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all4peace

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Re: Catch-22, morality vs. deceit, how the FOG works
« Reply #23 on: October 17, 2017, 10:55:06 PM »
Please don't take it personally if your mother completely ignores your confrontation and remains embedded in her own cocoon, looking at you with blank eyes and cold determination.
Here's my prediction: Full-on waif, teary, bewildered, so, so, so sad that her child would say such a thing. Then dad going for the cold-rage protective mode.  :barfy:

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Rose1

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Re: Catch-22, morality vs. deceit, how the FOG works
« Reply #24 on: October 18, 2017, 01:03:10 AM »
My mother's standard responses if called on being nasty
1 but it's TRUEEEEE
2 you tell such stories
3 anger and tight lipped I can barely stand being in the room with you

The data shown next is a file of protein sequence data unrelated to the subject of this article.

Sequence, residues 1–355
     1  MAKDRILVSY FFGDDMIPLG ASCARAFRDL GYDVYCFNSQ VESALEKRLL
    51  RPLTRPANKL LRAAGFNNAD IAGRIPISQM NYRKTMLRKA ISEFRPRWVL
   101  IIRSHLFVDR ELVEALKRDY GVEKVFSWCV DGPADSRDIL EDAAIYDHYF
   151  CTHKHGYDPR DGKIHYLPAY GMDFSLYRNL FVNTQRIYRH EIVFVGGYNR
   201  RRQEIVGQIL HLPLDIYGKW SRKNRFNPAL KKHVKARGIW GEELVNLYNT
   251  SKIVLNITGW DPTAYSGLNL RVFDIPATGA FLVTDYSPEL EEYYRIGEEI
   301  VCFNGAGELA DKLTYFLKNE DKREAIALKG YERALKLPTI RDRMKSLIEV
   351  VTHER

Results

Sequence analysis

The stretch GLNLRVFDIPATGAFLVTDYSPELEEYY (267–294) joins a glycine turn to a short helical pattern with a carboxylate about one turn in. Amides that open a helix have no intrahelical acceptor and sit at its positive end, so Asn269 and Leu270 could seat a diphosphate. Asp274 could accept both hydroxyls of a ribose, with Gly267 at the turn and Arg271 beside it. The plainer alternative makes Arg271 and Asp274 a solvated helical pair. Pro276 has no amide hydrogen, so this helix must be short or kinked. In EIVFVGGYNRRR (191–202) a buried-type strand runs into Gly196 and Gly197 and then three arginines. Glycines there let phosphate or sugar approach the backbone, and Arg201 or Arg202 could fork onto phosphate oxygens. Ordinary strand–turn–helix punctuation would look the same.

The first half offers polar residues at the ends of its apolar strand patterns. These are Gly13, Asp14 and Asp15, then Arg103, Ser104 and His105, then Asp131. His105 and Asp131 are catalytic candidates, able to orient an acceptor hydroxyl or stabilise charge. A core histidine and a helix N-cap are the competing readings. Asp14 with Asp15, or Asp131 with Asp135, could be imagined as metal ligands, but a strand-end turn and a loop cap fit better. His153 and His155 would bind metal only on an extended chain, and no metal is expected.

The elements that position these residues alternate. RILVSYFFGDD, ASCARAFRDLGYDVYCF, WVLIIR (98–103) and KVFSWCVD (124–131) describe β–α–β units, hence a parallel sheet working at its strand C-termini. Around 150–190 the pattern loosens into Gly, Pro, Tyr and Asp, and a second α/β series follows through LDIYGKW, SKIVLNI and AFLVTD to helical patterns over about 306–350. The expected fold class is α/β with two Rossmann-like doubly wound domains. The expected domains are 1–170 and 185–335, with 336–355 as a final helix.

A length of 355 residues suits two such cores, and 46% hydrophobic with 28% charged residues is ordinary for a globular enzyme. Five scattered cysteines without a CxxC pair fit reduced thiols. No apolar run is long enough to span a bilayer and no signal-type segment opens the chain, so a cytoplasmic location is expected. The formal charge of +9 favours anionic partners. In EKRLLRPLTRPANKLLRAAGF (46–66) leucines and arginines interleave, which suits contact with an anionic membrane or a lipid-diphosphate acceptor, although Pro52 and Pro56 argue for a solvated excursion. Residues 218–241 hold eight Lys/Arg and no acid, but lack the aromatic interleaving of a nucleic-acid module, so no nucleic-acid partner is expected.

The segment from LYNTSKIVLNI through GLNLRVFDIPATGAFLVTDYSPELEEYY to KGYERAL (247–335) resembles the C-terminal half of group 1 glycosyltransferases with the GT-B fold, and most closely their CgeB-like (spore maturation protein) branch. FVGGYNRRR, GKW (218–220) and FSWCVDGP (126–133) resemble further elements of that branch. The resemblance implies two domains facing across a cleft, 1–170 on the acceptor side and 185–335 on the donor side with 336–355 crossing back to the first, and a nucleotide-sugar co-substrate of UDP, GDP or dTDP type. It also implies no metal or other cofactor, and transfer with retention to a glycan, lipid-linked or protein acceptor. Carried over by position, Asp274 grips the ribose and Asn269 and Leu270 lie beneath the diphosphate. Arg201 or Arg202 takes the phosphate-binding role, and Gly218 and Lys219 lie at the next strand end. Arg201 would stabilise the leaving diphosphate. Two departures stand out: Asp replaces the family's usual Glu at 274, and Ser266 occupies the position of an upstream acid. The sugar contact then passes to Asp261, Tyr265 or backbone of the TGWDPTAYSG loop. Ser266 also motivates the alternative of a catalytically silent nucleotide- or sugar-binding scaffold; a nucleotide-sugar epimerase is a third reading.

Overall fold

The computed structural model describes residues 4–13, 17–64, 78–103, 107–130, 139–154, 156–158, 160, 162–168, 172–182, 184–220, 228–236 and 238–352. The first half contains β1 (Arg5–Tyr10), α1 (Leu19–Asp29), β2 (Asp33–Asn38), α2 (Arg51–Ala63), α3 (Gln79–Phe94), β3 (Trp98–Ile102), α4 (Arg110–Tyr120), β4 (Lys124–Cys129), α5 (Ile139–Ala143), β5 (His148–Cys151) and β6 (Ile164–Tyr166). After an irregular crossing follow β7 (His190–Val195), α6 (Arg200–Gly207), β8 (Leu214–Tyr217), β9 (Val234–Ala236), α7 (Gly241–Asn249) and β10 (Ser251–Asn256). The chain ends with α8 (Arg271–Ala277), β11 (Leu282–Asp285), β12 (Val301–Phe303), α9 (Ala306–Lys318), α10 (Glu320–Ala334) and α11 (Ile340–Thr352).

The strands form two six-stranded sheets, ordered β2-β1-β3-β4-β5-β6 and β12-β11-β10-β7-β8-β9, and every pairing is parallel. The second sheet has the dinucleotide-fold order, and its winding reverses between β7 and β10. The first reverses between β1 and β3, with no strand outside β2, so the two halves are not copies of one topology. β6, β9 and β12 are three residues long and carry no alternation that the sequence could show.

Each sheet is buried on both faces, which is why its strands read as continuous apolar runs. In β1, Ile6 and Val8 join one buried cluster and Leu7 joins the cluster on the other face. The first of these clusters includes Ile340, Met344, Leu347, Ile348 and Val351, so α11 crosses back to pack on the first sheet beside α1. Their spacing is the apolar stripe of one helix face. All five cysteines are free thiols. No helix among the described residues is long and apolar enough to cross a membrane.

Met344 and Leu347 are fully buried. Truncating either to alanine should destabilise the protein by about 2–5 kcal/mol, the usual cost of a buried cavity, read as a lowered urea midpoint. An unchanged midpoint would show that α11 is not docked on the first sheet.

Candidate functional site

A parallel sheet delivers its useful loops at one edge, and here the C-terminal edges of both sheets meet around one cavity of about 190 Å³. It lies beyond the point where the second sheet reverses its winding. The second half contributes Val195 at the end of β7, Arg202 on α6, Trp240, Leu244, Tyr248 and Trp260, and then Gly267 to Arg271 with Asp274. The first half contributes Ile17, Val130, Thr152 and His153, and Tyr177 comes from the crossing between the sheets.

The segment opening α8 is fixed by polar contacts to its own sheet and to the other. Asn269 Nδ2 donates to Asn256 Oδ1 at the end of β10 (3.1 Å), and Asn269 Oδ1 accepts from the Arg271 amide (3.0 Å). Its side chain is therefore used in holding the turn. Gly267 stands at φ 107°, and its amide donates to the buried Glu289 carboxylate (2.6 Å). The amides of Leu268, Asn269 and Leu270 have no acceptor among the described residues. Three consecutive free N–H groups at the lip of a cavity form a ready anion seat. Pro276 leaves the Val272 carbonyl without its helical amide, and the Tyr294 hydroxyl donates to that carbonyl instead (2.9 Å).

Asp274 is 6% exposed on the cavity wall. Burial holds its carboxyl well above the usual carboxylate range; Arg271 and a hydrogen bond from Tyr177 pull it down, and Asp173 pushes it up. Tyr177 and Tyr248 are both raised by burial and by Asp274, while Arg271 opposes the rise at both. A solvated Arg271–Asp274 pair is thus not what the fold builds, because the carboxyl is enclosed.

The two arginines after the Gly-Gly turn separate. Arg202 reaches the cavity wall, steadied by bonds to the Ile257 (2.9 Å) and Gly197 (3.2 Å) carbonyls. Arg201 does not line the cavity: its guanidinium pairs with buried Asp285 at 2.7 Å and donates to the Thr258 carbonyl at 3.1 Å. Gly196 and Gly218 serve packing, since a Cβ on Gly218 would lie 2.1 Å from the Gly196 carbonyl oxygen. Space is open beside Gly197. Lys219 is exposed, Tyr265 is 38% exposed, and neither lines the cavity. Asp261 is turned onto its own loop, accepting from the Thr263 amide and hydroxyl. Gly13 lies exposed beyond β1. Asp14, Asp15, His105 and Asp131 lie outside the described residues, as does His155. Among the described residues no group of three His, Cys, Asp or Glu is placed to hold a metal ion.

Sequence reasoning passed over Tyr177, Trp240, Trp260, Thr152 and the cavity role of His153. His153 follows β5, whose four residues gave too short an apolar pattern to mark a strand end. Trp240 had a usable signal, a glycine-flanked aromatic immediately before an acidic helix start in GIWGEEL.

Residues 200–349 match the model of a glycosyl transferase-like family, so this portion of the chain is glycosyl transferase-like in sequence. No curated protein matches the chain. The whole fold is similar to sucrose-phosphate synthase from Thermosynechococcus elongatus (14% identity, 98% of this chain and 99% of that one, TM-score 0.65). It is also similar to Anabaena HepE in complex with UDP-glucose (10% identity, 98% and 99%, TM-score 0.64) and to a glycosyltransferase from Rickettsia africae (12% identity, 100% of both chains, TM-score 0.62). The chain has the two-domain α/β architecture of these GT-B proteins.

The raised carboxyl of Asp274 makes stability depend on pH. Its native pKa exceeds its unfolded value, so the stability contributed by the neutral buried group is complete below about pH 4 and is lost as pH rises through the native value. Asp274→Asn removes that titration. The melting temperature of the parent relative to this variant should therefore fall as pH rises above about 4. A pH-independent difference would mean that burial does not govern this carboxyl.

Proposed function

4 passive aggressive behaviour, making sure I don't get anything I'd like, for example even a pot plant or cutting (shame I trimmed it last week and threw it all out)
5 smear campaigns
6 waifing and crying for days till my sister can't stand it and tries to fix it.

Sometimes one after another. Just be prepared for backlash sadly

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Spring Butterfly

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Re: Catch-22, morality vs. deceit, how the FOG works
« Reply #25 on: October 18, 2017, 10:31:39 AM »
So what I think I understand from what you shared is that you don't care if she sees or understands or agrees but that you let her know the game is up, that you see even if she won't admit openly to anything. Hopefully I have that right.

Part of my journey was finding my voice even in the face of denial and rewritten history in the moment. It was important to me to stand up and say "no, no more" regardless. They (could) know what happened even if they say they don't because I exposed it each and every time, I spoke my truth and stood firm. Even if they don't acknowledge it to me or even if they don't acknowledge it to themselves I stand morally clear for having spoken even if they choose not to hear.

You had said something about letting them know the Rules of Engagement have changed. Is this something you can just do rather than sit down and discuss? Just embrace the new rules of engagement, The New Normal, and go with it? Can you just continue to expose it, to pull the covers back every single time something happens, to shine a light on it in the moment, to say the game is up then in there?